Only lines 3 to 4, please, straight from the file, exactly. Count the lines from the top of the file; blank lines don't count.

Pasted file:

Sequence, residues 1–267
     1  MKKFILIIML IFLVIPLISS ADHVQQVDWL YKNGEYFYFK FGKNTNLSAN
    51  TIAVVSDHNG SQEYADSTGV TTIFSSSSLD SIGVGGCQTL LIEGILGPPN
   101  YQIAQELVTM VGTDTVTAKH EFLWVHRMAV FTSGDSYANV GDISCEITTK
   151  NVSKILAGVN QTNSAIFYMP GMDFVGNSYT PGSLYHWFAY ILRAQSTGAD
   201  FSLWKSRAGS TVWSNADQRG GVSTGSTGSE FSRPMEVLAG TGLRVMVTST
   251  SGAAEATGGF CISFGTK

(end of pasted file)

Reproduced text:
    51  TIAVVSDHNG SQEYADSTGV TTIFSSSSLD SIGVGGCQTL LIEGILGPPN
   101  YQIAQELVTM VGTDTVTAKH EFLWVHRMAV FTSGDSYANV GDISCEITTK